Friday, October 4, 2019
First Circuit Finds Special Social Media Authentication Rules Don't Apply to Photographs Retrieved From Facebook
Federal Rule of Evidence 901(a) states that
To satisfy the requirement of authenticating or identifying an item of evidence, the proponent must produce evidence sufficient to support a finding that the item is what the proponent claims it is.
So, let's say that someone retrieves photographs from a Facebook page. Does the rules regarding authenticating social media evidence apply in such a case?
According to the recent opinion of the United States Court of Appeals for the First Circuit in United States v. Vázquez-Soto, 2019 WL 4781686 (1st Cir. 2019), the answer is "no."
In Vázquez-Soto, Rodolfo Vázquez-Soto was convicted on two counts of making false statements and one count of theft of government property. Specifically, the State alleged that Vázquez-Soto filed annual claims of total disability and collected disability payments despite not being totally disabled. To prove its case,
One of the investigating agents, José Morales, testified about digital photographs that he downloaded from a Facebook page bearing the name of Vázquez-Soto's ex-wife, Carmen Rosa Janica. Morales explained that he found the photographs when he conducted an online “inquiry” concerning Vázquez-Soto. In conducting that inquiry, the agent searched for Janica on social media websites, including Facebook, and found a Facebook page under her name. On that page, Morales discovered a series of digital photograph albums, uploaded in 2010, that depicted Vázquez-Soto traveling in Colombia. When he looked through these albums, he recognized Vázquez-Soto2 and downloaded the photographs, which he kept on his computer until the trial.
Though the photographs were uploaded to Facebook in 2010, one had a 2008 date stamp. The others were not dated. The photographs show, inter alia: (1) Vázquez-Soto and a woman dressed in motorcycle club T-shirts standing in front of a group of motorcycles; (2) Vázquez-Soto standing among a large group of people dressed in motorcycle club T-shirts (with a date stamp of 12/21/08 on the photograph); (3) Vázquez-Soto among a group of people, each wearing a motorcycle helmet and standing next to a motorcycle; (4) Vázquez-Soto and another person on a motorcycle, each wearing a helmet; (5) Vázquez-Soto seated on a motorcycle in front of a large body of water; (6) Vázquez-Soto wearing a life-jacket standing in front of palm trees and what looks like a river; (7) Vázquez-Soto entering a paddle boat; (8) Vázquez-Soto standing in front of a waterfall; (9) Vázquez-Soto and a woman doing what appears to be dancing; and (10) Vázquez-Soto standing behind a motorcycle.
After he was convicted, Vázquez-Soto appealed, claiming that,
because the photographs were found on a Facebook page, [the court] must address the evidentiary rules for “authenticating social media data,” and that, under these rules, a proponent of social media evidence “must present a prima facie case ... that [the social media evidence] is in fact a posting on a person's Facebook page,” in this case the page of Janica, Vázquez-Soto's ex-wife. Without Janica's testimony that the photographs came from her Facebook page, or other evidence akin to it, Vázquez-Soto argues that the government failed to meet this requirement.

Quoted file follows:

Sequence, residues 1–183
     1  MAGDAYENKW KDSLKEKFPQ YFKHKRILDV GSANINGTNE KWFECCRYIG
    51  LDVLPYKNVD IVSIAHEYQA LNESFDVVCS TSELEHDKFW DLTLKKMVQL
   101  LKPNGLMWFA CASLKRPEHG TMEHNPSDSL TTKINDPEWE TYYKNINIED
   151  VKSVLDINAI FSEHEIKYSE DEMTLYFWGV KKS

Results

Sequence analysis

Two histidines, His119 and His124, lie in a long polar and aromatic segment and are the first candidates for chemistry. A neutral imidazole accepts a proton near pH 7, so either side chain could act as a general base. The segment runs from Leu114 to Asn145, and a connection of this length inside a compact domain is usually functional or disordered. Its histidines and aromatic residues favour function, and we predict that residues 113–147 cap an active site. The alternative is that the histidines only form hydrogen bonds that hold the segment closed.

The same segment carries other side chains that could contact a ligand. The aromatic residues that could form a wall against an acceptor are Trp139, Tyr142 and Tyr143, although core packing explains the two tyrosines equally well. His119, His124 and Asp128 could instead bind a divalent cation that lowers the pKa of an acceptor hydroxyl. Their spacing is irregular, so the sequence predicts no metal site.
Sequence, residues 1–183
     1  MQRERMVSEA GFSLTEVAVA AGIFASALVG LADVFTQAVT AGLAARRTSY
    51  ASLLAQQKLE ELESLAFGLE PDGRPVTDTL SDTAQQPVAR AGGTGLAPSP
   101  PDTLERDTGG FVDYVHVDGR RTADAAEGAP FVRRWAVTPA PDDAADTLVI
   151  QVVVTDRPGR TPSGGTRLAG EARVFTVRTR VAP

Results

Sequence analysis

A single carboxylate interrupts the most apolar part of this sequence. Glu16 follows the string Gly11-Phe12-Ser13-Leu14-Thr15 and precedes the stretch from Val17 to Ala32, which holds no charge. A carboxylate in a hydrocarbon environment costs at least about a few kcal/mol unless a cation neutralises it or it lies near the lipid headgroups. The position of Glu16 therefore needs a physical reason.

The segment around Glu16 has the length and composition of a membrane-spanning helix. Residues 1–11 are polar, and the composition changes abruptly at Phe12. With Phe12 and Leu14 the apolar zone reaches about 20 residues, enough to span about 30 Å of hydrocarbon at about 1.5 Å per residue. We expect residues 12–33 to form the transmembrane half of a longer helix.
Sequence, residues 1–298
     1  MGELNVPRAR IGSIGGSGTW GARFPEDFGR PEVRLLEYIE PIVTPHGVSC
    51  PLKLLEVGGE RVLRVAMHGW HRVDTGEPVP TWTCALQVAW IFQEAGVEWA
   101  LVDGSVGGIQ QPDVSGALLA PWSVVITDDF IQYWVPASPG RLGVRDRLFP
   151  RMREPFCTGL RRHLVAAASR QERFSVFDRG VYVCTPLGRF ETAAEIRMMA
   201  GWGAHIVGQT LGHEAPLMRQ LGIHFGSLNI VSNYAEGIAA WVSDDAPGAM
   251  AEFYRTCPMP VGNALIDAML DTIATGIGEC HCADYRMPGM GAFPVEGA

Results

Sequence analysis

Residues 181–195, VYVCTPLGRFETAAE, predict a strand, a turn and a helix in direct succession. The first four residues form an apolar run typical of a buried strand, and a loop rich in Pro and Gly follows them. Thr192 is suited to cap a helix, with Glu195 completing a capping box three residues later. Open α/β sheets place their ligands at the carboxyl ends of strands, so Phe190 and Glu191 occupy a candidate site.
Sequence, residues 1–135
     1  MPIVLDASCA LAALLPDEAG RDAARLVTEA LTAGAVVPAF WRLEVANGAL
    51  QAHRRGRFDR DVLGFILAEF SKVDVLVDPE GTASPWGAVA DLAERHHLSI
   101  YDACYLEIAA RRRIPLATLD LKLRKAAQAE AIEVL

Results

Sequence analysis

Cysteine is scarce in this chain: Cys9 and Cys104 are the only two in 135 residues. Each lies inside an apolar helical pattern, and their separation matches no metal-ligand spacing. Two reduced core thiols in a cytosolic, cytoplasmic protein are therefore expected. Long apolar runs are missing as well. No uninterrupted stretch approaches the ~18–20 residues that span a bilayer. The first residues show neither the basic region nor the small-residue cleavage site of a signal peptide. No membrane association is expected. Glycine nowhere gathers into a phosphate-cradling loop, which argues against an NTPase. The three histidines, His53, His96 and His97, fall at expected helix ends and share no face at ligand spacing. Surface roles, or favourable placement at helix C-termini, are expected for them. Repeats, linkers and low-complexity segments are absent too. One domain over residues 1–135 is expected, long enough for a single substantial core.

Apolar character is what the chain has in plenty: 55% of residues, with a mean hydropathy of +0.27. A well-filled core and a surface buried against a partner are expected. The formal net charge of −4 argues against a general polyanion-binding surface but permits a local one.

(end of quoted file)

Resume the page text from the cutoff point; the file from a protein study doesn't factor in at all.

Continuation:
The First Circuit disagreed, concluding that
The authenticity of Janica's social media account is not at issue in this case -- that is, the account's ownership is not relevant. The photographs were introduced as images of Vázquez-Soto on a motorcycle trip, not as part of a social media statement by Janica. Thus, what is at issue is only the authenticity of the photographs, not the Facebook page. And, as the Sixth Circuit has observed, “it is not at all clear ... why our rules of evidence would treat electronic photos that police stumble across on Facebook one way and physical photos that police stumble across lying on a sidewalk a different way.”...Accordingly, the ordinary rules of authentication apply, and the question we must ask in assessing the district court's ruling is whether there was sufficient evidence for a reasonable factfinder to conclude that the photographs were what the government represented they were -- photographs of Vázquez-Soto.
The court then found that authenticity had been established because
The government offered the testimony of agent Morales that he downloaded the photographs because he recognized Vázquez-Soto. Morales identified Vázquez-Soto in the courtroom. He then pointed out Vázquez-Soto in each photograph and described his behavior (e.g., “I see [Vázquez-Soto] .... He's wearing the jacket and a helmet .... [T]he back of the helmet is a motorcycle logo, reddish. It's the same tag number as [that] of the motorcycle you're going to see.”). In determining whether the photographs were authentic, the jurors could examine the photographs and rely on their own observations of Vázquez-Soto in the courtroom. Under these circumstances, a reasonable factfinder could conclude that the photographs depicted Vázquez-Soto.